Science.gov (United States)

    Haddad, Monoem; Chaouachi, Anis; Wong, Del P; Castagna, Carlo; Hambli, Mourad; Hue, Olivier; Chamari, Karim

    2013-07-02

    The aim of this study was to assess the effects of the Hooper's Index variations (i.e., self-ratings of fatigue, stress, delayed onset muscle soreness (DOMS), and sleep) on rating of perceived exertion during a 10 min submaximal exercise training session (RPE-10 min) and then check the stability and the internal consistency of RPE-10 min. Seventeen junior soccer players took part in this study. The individual Hooper's indices taken before each training session were correlated with RPE-10 min during a constant intensity and duration effort (10 min) using Pearson product moment correlation. Intraclass correlation (ICC) was used to assess the internal consistency of the RPE-10 min. All individual correlations between RPE-10 min and quality of sleep and quantity of fatigue, stress, and DOMS were non-significant (p>0.05). No significant correlations were resulted between RPE-10 min and Hooper's Index in all athletes. The ICC of RPE-10 min was 0.77 thus demonstrating internal consistency. The results of the present study demonstrated the objectivity and utility of RPE as a psychological tool for monitoring training during traditional soccer training. Therefore, the results of the present study suggest that fatigue, stress, DOMS and sleep are not major contributors of perceived exertion during traditional soccer training without excessive training loads. It seems that psychobiological factors other than fatigue, stress, DOMS and sleep may have mediated the 10 min exercise perceptual intensity. © 2013.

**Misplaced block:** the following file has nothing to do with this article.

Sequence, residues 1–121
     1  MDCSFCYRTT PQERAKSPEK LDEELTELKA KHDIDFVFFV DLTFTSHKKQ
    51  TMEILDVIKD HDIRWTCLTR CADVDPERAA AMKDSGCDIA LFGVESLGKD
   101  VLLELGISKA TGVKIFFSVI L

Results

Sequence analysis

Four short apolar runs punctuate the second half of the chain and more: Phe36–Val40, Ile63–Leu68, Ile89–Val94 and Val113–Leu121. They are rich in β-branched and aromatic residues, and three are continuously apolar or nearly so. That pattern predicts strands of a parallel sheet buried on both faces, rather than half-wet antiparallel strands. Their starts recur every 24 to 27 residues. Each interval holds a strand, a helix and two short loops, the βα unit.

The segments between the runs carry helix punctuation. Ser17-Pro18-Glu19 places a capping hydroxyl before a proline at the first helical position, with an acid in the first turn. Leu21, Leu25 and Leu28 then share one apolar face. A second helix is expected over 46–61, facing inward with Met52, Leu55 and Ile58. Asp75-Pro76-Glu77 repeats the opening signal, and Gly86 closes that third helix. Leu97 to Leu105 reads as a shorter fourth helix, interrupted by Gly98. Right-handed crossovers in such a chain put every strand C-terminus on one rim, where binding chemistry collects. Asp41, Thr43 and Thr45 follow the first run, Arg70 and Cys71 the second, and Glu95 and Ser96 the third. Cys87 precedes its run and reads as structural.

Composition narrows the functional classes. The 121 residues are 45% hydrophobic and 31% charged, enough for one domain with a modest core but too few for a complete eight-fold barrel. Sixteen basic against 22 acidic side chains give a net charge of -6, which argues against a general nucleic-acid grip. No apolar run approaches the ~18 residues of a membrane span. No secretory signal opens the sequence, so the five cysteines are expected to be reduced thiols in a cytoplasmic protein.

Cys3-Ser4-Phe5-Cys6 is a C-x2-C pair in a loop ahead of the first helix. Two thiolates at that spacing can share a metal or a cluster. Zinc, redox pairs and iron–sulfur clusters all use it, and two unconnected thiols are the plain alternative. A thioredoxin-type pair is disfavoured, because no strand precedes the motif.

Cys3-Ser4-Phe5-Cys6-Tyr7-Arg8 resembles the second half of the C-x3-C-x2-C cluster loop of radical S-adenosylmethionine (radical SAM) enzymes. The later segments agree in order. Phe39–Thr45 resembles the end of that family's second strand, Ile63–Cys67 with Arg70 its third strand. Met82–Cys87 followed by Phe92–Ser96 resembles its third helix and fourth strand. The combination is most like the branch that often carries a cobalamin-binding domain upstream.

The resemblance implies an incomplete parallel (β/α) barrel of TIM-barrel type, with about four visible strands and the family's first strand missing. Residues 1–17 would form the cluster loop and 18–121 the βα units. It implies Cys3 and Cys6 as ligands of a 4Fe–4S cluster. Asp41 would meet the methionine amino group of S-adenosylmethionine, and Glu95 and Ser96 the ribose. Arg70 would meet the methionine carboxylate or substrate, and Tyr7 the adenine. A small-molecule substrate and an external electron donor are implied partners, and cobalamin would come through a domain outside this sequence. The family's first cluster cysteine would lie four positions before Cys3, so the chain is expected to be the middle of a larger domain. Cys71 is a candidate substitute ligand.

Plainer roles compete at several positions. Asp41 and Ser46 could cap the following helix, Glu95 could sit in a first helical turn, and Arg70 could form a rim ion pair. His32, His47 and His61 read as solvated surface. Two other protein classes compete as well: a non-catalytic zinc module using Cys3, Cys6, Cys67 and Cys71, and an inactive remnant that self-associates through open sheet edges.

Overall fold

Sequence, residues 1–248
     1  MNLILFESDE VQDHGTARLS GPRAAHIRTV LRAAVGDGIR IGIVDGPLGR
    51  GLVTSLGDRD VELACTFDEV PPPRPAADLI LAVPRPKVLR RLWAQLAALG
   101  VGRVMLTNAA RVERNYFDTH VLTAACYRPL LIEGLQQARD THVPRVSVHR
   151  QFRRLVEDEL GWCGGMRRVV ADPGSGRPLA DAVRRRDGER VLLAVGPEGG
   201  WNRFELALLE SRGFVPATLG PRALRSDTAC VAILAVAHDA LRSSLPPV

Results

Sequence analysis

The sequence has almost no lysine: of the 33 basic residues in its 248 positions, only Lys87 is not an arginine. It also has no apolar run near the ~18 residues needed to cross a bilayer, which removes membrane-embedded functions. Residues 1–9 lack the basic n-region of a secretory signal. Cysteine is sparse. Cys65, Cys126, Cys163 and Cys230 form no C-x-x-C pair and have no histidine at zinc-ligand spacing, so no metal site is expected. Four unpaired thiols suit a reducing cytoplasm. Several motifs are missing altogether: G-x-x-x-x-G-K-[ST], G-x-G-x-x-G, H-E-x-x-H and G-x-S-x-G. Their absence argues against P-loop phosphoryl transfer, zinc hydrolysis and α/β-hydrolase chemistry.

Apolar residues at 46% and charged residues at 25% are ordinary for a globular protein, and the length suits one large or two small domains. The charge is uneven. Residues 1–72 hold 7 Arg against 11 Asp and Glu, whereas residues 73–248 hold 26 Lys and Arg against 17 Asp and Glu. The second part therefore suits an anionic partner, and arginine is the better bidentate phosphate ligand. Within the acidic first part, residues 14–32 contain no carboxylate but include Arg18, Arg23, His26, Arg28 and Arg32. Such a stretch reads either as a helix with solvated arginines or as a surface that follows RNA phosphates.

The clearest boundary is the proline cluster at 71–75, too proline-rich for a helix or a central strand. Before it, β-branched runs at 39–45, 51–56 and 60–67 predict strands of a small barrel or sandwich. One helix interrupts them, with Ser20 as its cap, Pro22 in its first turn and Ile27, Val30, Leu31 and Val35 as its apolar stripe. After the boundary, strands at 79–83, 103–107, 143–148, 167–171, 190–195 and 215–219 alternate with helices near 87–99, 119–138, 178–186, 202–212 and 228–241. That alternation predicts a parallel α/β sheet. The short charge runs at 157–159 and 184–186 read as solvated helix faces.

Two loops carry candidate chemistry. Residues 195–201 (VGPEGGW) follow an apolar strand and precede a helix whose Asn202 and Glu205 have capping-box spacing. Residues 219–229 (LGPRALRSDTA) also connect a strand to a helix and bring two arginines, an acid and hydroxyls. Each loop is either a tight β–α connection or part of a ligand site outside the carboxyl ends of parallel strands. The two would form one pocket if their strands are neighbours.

14. Respiratory muscle stretch gymnastics in patients with post coronary artery bypass grafting pain: impact on respiratory muscle function, activity, mood and exercise capacity.

    Science.gov (United States)

    Aida, Nobuko; Shibuya, Masako; Yoshino, Katsuki; Komoda, Masaji; Inoue, Tomoko

    2002-12-01